Guy had made a promise to Edward I that he would give good counsel to his son (the future Edward II) but his suggestions and observations were in vain for Edward II seemed in thrall to the countenances of Piers Gaveston.
Before his death, the old king had exiled Prince Edward’s favourite Piers Gaveston, and Warwick was among those charged with preventing Gaveston’s return. The new king, however, not only recalled his favourite, but soon also gave him the title of earl of Cornwall. Warwick was the only one of the leading earls who did not seal the charter, and soon took on an antagonistic attitude to Edward II.
Gaveston was a relative upstart in the English aristocracy, and made himself unpopular among the established nobility by his arrogance and his undue influence on the new king. He gave mocking nicknames to the leading men of the realm, and called Warwick the “Black Dog of Arden”.
Gaveston was once more forced into exile, but Edward II recalled him in less than a year. The king had spent the intervening time gathering support, and at the time, the only one to resist the return of Gaveston was Warwick. With time, however, opposition to the king grew and Gaveston was again banished.
Gaveston’s third and final exile was short and he was back with Edward II within eight weeks. Archbishop Winchelsey responded by excommunicating Gaveston and a number of the barons set out in pursuit of him when the king left for York. Gaveston ensconced himself at Scarborough Castle, and on 19 May 1312 agreed to surrender to Aymer de Valence, Earl of Pembroke, as long as his security would be guaranteed.
Pembroke lodged his prisoner in Deddington in Oxfordshire. On 10 June, while Pembroke was away, Guy de Beauchamp forcibly carried Gaveston to Warwick Castle. Here, in the presence of Warwick, Lancaster and other magnates, Gaveston was sentenced to death at an improvised court. On 19 June he was taken to a place called Blacklow Hill – on Lancaster’s lands – and decapitated.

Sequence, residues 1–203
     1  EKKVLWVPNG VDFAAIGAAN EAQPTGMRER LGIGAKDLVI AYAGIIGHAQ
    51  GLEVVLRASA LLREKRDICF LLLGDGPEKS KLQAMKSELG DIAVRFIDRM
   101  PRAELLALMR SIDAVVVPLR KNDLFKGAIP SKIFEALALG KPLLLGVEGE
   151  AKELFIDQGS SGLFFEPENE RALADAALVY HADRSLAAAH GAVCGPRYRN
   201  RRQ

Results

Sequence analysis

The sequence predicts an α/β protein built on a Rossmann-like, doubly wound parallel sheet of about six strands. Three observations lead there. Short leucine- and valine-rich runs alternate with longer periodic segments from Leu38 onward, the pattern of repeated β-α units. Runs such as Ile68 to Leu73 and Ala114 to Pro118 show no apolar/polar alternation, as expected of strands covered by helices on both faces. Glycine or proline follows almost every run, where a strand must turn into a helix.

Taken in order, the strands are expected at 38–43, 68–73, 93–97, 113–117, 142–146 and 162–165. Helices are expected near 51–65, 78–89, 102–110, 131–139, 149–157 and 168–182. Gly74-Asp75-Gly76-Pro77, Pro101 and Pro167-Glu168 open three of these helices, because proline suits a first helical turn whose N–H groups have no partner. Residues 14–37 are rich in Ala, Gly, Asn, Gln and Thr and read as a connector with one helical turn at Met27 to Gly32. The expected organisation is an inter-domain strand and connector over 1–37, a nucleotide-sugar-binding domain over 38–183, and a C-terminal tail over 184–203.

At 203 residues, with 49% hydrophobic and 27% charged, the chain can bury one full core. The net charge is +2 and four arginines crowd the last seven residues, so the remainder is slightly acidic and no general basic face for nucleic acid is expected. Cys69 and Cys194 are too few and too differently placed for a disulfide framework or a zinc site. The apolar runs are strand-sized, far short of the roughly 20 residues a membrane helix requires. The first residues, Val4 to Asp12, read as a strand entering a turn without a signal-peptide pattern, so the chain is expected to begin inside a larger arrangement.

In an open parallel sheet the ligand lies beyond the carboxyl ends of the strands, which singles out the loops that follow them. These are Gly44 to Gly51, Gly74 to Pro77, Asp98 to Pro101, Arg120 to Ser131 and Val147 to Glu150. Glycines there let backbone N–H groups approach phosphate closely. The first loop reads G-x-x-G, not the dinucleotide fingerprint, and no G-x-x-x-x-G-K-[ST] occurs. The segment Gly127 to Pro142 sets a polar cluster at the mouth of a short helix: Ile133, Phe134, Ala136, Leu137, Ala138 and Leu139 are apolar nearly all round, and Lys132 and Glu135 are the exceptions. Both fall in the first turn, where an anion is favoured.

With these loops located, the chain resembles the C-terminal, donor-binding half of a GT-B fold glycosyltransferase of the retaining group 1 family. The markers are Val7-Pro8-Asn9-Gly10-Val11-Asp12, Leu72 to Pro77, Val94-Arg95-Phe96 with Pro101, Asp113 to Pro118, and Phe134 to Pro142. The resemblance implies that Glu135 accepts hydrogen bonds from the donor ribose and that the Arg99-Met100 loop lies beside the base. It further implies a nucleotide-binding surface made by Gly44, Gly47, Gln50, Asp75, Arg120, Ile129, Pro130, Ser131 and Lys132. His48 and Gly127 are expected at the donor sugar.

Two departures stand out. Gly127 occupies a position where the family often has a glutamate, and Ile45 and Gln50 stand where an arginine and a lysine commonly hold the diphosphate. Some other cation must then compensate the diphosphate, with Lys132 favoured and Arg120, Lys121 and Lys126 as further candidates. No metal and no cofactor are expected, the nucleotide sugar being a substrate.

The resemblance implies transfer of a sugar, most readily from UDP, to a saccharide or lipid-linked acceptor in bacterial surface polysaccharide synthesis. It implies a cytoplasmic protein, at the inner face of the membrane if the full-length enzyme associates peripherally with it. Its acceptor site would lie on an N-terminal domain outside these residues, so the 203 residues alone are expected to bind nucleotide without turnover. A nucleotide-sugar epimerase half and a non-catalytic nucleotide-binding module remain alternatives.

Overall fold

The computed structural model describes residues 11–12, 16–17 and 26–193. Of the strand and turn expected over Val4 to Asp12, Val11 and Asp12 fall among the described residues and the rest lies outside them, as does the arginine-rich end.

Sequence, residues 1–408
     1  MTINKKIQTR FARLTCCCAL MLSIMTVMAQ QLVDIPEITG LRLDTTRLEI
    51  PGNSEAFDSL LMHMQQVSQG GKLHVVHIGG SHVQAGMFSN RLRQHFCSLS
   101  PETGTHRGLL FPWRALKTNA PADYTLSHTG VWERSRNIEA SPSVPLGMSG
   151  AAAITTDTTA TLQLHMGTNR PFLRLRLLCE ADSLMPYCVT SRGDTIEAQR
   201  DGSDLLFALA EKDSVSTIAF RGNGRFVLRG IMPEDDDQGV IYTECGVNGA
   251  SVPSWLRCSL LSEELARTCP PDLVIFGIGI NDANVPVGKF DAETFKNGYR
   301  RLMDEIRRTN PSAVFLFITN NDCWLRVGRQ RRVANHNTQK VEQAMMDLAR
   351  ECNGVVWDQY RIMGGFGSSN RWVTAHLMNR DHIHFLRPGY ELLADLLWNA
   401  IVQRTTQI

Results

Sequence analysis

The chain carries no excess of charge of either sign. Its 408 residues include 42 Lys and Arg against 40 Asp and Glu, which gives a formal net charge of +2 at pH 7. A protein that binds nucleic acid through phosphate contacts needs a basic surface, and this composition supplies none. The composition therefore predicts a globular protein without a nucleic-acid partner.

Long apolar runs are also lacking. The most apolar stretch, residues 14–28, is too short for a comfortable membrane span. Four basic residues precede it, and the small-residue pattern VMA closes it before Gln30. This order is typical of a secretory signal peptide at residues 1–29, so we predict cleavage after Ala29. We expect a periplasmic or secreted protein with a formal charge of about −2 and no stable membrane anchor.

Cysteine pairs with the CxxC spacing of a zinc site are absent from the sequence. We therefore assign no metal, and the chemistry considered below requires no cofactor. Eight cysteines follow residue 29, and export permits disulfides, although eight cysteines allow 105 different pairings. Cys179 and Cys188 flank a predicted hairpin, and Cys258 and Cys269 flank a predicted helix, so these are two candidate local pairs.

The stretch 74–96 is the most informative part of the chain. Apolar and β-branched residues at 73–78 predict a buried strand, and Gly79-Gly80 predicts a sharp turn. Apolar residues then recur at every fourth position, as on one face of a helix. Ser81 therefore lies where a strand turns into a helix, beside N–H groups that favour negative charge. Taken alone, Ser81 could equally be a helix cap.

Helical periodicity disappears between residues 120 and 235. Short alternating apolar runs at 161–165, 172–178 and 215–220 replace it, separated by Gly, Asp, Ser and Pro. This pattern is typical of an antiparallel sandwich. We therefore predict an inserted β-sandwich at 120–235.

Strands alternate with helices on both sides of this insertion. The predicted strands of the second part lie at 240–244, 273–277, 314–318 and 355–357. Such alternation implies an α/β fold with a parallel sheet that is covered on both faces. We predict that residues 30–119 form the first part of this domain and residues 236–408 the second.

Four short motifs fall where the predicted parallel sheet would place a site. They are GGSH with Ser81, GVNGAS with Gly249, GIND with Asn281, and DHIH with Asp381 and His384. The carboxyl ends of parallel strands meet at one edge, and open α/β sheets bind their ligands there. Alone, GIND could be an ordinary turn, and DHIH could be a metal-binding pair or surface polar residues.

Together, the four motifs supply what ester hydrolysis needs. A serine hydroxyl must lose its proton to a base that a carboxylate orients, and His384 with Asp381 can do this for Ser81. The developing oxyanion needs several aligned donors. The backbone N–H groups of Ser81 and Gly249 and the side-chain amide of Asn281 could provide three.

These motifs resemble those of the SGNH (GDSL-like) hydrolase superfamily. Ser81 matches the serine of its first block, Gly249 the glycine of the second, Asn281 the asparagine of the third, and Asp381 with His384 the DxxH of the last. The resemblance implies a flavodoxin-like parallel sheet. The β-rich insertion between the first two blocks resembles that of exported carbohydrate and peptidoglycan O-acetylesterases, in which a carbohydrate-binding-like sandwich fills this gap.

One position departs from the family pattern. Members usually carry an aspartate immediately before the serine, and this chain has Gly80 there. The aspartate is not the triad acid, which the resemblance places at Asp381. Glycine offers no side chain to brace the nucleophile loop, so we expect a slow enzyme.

When Guy died on 12 August 1315 there were rumours that Edward II had caused him to be poisoned – this is doubtful though. He was buried at Bordesley Abbey in Worcestershire, an establishment to which his family had served as benefactors.
Guy de Beauchamp is probably best remembered by posterity for his opposition to King Edward II and for his part in the death of Gaveston. To contemporaries, however, he was considered a man of considerable learning and wisdom. His library was extensive. It contained several saints’ lives as well as romances about Alexander and King Arthur. As mentioned, Edward I entrusted the supervision of his son to Warwick. Likewise, before the earl of Lincoln died in 1311, he supposedly instructed his son-in-law Thomas of Lancaster to heed the advice of Warwick, “the wisest of the peers”.
Chronicles also praised Warwick’s wisdom; the Vita Edwardi Secundi said that “Other earls did many things only after taking his opinion: in wisdom and council he had no peer”. Later historians have reflected this view, in the 19th century William Stubbs called Warwick “a discriminating and highly literate man, the wisdom of whom shone forth through the whole kingdom.”
In summation – I loved incorporating Guy de Beauchamp Earl of Warwick into “The King’s Jew” and do hope I served his memory well. – I liked him!
Thanks for reading – any questions?
Link to The King’s Jew Book http://bit.ly/1yop3AK